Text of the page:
"Delete it and start over", has become one of the most valuable lessons I've learned in my career.Recently on a project, I was modeling a Playstation controller. At first glance, you may think this is a pretty straightforward model, yet I found it to be extremely challenging. All of the plastic molding insets and odd swooping angles were proving to be frustrating. I was spending hours and hours massaging the topology, but still never getting the form or edge flow correct. I had forgotten to take my own advice. Enduring a 3am crunch modeling session and battling a frustrating mesh which was a culmination of 10+ hours of work, I had a dose of my own medicine. I sort of smirked, moved the mouse cursor to the top left of the screen and hit file > new...a second later, all of my work was gone. And I started over from scratch. My brain was cursing at me. "You just threw away 10+ hours of work!" It was affirming I was crazy and that I was destined to never sleep again.
However, a funny thing happens when you choose to delete and start over.On the second go, you model differently than you did on your first pass. With the foundation of lessons learned from your previous attempt, you get faster and more efficient. You level up as an artist, exploring different ways which may work and avoiding the ways it didn't work previously.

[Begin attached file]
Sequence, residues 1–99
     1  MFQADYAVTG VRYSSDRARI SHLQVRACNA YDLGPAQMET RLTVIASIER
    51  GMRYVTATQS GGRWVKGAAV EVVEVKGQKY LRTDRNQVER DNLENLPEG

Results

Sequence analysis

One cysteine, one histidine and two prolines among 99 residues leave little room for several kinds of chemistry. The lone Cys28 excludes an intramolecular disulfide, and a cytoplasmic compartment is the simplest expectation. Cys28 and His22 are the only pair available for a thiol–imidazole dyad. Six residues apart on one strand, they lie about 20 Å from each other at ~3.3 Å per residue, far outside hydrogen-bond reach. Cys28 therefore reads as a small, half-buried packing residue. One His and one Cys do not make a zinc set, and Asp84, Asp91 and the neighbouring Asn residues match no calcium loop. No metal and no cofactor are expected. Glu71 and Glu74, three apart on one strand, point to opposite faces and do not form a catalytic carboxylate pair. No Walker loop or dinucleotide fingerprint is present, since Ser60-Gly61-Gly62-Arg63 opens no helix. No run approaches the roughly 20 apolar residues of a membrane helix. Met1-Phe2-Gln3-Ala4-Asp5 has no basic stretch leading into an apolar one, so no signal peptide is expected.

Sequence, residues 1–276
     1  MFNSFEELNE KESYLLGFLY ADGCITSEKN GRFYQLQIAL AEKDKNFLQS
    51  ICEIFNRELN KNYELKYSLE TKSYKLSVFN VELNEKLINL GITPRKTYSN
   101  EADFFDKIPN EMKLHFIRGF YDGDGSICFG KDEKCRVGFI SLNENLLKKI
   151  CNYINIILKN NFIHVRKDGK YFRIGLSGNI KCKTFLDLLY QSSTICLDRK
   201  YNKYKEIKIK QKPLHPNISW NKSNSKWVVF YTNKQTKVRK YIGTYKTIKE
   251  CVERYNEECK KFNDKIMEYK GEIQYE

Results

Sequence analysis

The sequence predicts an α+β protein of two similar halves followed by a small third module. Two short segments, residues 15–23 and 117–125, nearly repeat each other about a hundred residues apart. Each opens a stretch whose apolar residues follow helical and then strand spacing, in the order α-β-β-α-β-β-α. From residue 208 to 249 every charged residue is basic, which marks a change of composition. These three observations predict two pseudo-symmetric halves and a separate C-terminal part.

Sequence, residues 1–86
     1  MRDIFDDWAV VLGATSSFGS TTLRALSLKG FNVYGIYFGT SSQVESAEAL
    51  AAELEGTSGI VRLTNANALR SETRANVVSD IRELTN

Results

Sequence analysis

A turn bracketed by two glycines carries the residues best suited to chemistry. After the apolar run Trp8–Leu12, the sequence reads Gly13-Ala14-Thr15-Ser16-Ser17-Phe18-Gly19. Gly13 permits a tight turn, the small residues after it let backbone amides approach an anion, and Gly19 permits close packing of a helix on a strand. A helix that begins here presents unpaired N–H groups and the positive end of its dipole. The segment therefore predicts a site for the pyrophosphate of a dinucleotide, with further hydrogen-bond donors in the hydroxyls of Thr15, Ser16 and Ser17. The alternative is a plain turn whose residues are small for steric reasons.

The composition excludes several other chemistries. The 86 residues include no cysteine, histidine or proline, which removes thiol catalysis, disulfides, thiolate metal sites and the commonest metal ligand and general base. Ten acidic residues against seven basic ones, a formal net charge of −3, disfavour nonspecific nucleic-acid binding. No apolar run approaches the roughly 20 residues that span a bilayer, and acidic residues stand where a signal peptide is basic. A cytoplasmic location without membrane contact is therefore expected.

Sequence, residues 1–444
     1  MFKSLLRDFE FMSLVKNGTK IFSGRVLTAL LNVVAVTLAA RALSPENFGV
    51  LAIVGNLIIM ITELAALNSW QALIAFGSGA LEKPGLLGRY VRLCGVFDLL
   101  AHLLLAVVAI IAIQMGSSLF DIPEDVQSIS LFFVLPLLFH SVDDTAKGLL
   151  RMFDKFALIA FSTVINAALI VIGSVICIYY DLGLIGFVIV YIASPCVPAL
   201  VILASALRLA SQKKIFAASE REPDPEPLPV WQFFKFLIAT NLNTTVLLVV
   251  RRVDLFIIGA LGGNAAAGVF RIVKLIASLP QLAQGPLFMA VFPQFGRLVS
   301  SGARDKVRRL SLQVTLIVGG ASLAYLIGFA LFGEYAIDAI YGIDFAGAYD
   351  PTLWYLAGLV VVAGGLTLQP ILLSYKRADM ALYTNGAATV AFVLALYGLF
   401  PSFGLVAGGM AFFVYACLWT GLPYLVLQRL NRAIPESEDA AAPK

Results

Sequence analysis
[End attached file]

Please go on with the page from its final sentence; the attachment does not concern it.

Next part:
Deleting the model goes against logical thinking... but it works!With my Playstation controller project, I ended up deleting and starting over 2 more times. By the end of the project, my modeling times were 70-80% faster than my first attempt and the topology was much cleaner. Of the hundreds or thousands of things you will model, draw or sculpt in your career, some will come quickly and others will be a challenge. If you're up for it, next time your work comes together quickly, delete that perfect first piece and re-do it from scratch. Your brain will thank you for it.. eventually... ;) Wes Burke
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